Biochemistry and physics, of course, stop short of answering “why” life. Why do living things behave as they do? How is it that strands of amino acids can generate complex strings of proteins that function within and without cellular structures, shaping our whole beings? What causes a stem cell to go one direction or another? Why do molecules come together in a way that produces such an extraordinary thing as a cell, and how is it then that cells come together to produce something that is so much greater than any one of them in isolation, from fish to birds to reptiles to mammals? Answers of genetics provide the functional understandings for how, but not why it should be so in the first place. And the flippant answer of “it simply does, and there is not more to it” becomes an unworthy retreat.
Reductionist-inspired science (though note, not all science) has a tendency to consider the observed self-organization of matter to be something distinct from biological life, or at least this attitude has long held sway. This belief is, I would suggest, a cornerstone of an unacknowledged need on our, very human behalf, for uniqueness, to assert that living things are different from inert matter, and minded things that much greater than single-celled organisms with no demonstrable nervous system.
But that’s not borne out by simple observation. We are matter and energy. To say “I am alive” is meaningless outside of the context of the matter and energy of which we are made. The cells are alive. The minerals are alive, the molecules are alive, the atoms are alive, the rippling electric currents of K-Na pumps in cell walls are alive. What would we mean by “alive” if not these things? But what does it mean to say that an O2 molecule is alive? Does it help us to consider the air part of a living organism – and hence, alive – when it can be measured in blood arterial gases, but not when we exhale and it is simply part of the atmosphere again? Are things alive only so long as they participate in a finite system that we can designate as, in aggregate, alive? Does oxygen become alive in my blood, and cease to be alive when I breathe out? And if it is never alive in either case, then which of my molecules are, in fact, alive? Where is the line drawn? Any line will be, of course, impossibly arbitrary.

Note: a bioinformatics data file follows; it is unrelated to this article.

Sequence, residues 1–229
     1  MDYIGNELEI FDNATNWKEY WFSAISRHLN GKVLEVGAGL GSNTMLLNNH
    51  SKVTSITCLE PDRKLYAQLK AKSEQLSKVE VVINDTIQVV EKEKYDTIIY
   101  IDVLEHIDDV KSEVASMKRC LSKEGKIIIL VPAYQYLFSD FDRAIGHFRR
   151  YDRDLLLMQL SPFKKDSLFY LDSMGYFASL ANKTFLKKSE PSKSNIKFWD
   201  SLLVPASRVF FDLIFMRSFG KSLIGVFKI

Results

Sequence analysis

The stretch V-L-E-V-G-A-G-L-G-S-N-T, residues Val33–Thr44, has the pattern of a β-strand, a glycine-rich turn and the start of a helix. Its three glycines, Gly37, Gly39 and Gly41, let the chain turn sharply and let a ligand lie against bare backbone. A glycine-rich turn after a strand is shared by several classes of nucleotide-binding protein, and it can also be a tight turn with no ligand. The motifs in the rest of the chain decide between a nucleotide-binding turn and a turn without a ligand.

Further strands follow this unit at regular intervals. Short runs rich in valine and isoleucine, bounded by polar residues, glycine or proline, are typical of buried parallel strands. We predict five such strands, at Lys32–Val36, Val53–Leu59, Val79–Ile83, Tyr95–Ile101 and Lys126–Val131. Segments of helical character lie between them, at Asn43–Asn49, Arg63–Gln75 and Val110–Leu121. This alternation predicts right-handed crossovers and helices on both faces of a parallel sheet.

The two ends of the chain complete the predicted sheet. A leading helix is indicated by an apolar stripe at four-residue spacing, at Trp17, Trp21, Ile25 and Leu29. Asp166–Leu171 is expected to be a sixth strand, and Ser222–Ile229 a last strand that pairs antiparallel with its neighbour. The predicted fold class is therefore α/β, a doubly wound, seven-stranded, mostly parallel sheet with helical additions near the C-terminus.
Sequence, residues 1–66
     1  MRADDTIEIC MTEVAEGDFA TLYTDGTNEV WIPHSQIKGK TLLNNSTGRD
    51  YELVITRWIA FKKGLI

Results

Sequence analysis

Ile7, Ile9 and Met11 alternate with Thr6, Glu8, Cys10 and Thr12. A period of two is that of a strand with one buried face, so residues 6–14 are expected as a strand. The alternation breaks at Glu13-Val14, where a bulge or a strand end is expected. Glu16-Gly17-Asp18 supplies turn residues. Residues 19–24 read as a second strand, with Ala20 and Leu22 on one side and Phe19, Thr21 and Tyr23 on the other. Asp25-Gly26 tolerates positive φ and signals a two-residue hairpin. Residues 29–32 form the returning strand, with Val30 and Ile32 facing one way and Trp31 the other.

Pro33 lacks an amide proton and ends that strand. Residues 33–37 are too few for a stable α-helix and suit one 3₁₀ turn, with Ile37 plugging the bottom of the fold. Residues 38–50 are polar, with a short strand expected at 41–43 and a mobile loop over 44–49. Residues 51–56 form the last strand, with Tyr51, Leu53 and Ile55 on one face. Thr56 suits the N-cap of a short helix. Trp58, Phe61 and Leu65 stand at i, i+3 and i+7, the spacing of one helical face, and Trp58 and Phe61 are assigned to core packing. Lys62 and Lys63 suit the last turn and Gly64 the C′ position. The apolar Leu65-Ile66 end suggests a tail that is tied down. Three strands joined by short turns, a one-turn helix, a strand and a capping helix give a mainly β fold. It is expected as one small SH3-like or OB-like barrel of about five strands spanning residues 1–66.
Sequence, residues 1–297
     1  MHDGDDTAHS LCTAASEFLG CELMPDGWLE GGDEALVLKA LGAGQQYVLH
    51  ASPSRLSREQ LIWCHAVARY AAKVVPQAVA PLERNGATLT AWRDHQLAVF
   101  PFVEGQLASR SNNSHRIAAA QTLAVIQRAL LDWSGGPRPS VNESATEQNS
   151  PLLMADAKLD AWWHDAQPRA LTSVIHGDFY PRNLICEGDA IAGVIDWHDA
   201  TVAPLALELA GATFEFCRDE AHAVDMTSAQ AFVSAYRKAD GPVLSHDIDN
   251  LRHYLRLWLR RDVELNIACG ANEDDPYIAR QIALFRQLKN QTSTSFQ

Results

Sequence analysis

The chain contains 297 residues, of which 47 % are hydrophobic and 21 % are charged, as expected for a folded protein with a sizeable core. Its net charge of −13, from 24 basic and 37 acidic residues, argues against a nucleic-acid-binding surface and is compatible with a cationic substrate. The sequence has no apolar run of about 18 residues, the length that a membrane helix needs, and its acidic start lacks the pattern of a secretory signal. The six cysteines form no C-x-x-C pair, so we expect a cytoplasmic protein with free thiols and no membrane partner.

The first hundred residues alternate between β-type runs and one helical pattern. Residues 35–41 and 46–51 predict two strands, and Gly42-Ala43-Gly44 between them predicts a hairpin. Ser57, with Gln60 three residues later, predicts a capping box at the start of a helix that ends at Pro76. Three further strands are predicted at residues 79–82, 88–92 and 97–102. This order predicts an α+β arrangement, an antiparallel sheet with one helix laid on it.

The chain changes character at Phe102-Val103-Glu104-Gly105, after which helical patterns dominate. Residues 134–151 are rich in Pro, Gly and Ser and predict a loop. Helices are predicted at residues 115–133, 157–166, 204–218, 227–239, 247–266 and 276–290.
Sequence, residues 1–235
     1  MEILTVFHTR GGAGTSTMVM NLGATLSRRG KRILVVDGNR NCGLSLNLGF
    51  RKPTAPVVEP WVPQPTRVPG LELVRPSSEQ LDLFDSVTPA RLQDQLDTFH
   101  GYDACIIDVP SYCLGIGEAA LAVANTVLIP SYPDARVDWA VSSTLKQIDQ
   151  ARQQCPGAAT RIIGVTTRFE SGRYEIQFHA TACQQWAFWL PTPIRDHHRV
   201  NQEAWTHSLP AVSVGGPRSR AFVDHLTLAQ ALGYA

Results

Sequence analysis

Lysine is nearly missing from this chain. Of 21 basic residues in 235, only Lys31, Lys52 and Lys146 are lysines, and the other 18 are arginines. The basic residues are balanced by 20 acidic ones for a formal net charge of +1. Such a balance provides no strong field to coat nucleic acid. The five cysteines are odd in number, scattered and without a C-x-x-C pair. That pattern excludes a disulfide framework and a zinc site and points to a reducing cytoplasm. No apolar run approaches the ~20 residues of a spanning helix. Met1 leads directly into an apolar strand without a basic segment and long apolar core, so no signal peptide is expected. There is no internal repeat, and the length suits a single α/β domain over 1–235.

We are just this “inert” matter, this dust of the cosmos. The Judeo-Christian metaphor is that the Divine breathed life into the silent husk of Adam, the first man. As pleasant a metaphor as this may be in terms of its ability to remind us that we breathe the breath of the Divine, it has a potential, if taken naively, to separate us from the fact that we are literally – not figuratively, not metaphorically, but in actual fact – cosmic dust that takes in other cosmic dust, and carries on elaborate biochemical processes with it, in order to provide itself with the other dust-blocks needed to continue to move and think and work and play and fight and sing and love and create art and all of the other remarkable things that human-shaped-cosmic-dust does.